Was i happy to listen to it, yes; will i get the 2nd Book; that i don't know yet.
David Thorpe's forced overacted narration turns what could be a likable story into a painful diatribe. David's voicing is far too harsh and distracting, it sounds as if most of the characters are pirates. If I continue this trilogy, I will read it myself. Save your credits and get the Night-Angel Trilogy by Brent Weeks or The Way of Kings:The Stormlight Archive by Brandon Sanderson instead.
The concept of a computer guarding mankind was the best part.. It used myth, legend and advanced technology as magic. I did not like all the dealings with feelings and emotions. Give me more action.
Not as whinny.
He did good voices. A lot of it was monotone.
This applies for the entire series. The books are complicated and I believe not suitable for audio book format. I have enjoyed Janny Wurtz in the past and enjoy her stories but only in the written word in future.
The book sounds interesting but I could not get past the whiny voice the narrator used when the character was upset. The accents were horrible. The dialog was too slow. One of the worse audiobooks I have attempted to listened to. I wish I could get my credit back.
"Cycle of Fire Trilogy"
What can be said, an exceptional read and thoroughly enjoyable. As usual Janny's mix of characters aids the plot and adds interest and intrigue.
I've bought all her books in paperback and wondered how this series would be just listening. I need not have wondered as usual an amazing work by an accomplished author. Even my kids listened to it and enjoyed the experience. Just waiting for her other books to come out in audio book now. I'd definately buy them :)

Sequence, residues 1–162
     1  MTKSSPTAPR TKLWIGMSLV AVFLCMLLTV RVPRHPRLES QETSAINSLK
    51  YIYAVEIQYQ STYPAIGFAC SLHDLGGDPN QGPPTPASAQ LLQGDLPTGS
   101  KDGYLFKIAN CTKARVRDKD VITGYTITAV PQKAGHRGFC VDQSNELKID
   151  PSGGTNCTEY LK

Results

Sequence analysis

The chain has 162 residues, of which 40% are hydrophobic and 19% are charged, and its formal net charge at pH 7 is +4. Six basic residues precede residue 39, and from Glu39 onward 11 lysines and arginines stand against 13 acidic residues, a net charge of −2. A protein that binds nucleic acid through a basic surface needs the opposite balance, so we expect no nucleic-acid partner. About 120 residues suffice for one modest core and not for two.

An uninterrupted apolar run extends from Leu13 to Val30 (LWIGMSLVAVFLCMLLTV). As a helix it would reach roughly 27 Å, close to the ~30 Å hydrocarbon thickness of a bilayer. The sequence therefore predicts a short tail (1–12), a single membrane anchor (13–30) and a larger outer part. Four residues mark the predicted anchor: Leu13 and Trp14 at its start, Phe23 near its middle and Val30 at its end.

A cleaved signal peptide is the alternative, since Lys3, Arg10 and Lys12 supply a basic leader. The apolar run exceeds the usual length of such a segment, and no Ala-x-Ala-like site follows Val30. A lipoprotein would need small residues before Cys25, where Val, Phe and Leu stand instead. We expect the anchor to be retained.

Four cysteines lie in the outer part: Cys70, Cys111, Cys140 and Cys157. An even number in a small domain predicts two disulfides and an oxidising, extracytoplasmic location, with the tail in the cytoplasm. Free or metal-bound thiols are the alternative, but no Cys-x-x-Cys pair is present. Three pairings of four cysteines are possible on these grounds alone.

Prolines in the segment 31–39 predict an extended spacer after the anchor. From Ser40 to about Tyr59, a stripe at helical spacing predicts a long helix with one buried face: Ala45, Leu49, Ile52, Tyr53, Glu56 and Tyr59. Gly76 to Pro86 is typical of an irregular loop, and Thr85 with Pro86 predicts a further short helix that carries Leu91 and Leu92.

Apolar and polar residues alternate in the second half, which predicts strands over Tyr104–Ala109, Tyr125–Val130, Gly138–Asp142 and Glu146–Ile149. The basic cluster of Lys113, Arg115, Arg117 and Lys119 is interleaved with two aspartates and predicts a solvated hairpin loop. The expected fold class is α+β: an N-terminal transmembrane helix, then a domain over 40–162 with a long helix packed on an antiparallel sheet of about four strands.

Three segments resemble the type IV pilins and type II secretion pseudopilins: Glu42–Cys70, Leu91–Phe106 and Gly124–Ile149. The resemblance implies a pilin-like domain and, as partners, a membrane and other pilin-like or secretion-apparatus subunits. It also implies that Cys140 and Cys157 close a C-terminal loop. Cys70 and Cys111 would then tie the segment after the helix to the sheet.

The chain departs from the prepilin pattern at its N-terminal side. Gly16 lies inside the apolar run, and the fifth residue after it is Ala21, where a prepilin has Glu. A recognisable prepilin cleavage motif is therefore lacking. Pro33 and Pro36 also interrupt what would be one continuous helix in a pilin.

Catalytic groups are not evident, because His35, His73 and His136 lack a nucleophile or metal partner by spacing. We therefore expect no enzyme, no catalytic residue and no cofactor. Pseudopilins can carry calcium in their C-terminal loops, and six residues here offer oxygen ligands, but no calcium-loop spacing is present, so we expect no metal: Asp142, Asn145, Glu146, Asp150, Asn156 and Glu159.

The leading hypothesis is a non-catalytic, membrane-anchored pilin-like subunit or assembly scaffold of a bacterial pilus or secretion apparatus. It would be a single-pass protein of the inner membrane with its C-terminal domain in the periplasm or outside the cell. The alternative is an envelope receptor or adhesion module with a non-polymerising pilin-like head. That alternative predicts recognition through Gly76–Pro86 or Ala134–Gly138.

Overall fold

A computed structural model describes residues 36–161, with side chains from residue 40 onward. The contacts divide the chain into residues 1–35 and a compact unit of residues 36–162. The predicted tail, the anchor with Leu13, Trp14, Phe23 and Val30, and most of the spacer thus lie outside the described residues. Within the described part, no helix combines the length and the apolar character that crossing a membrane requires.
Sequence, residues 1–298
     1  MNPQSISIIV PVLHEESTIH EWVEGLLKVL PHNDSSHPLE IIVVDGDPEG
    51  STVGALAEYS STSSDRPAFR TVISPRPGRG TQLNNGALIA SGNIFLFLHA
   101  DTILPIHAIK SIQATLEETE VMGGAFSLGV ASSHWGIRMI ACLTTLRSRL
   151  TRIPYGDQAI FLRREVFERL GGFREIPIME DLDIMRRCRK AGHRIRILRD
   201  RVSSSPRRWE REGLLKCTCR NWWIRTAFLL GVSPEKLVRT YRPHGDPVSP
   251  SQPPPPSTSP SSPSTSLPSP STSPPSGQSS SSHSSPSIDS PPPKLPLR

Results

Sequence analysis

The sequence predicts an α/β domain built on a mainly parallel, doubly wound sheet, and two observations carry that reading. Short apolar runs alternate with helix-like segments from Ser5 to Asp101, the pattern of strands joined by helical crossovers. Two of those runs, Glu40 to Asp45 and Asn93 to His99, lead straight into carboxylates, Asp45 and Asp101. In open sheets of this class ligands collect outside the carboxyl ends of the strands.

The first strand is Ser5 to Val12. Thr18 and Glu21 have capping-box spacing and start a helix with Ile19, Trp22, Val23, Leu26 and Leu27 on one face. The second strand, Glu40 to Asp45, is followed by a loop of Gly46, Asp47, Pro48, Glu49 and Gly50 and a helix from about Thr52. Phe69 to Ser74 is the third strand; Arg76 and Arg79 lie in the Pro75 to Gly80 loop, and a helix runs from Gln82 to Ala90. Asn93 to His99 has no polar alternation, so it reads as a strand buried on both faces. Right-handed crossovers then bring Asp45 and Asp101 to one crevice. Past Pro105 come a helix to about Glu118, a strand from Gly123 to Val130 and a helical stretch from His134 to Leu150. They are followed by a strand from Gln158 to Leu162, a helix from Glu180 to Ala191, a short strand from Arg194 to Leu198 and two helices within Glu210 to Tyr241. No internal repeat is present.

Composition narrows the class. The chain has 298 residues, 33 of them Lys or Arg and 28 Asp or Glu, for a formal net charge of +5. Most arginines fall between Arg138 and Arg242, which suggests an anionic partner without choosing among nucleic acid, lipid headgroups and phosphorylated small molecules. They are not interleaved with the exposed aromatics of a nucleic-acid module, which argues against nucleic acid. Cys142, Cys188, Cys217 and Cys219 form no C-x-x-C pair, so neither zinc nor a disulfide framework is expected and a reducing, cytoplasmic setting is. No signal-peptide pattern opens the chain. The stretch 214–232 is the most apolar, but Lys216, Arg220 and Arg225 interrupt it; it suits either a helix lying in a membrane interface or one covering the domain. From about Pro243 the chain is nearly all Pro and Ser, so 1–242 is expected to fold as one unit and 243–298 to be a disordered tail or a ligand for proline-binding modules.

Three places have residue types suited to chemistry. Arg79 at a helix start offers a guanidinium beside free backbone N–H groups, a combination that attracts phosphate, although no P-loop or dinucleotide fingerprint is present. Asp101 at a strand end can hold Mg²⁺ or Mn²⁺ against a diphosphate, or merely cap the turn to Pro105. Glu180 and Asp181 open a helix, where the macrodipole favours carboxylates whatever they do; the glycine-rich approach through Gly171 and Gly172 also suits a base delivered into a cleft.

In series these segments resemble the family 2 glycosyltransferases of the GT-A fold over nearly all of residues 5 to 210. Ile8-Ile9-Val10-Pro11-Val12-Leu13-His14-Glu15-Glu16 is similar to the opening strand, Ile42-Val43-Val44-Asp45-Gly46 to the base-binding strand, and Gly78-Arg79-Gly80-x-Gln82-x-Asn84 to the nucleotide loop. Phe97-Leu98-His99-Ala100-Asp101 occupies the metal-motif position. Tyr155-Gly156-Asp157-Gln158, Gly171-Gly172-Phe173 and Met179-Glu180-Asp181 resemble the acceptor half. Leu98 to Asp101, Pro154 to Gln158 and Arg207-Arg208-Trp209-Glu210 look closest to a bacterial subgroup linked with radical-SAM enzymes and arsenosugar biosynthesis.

"Too Many Long Pauses."
Listening to this book wasn't as enjoyable as I would have wished. Unfortunately the narrator, David Thorpe spoiled the experience by unnecessary pauses after each sentence. It became irritating, waiting for the next sentence to follow, and broke the rhythm of the story.
Its difficult to pick out one moment as more memorable than any other, since the narrator did such a poor job of telling the tale.
Rupert Degas. Andrew Wincott. Simon Vance. Nick Podehl. Victor Bevine. Kevin Stillwell, to name but a few. These are some of my favorite narrators. Any one of these narrators would have given a more enjoyable performance.
No! If it had been read by a better narrator, then the answer would be Yes.
I read this book, and the others in this series many years ago. I don't really remember very much about the story, as I've read hundreds of books since then. I do remember that I enjoyed reading the series, and thats why I wanted to listen to the audio version. As with so many of the books I have read and loved, this is another that has been ruin by a poor narrator.
"I couldn't pay attention to this"
I kept finding myself not listening to this and missing bits. It really didn't keep my interest and I've restarted several times. I think I'll give up.
"Not great so far..."
I have spent a couple of hours listening and cant say I'm enthralled. There are people a plenty in the narrative but their characters are not developed and as a result I dont care about any of them. Maybe further into the book that will change, but so far, not great....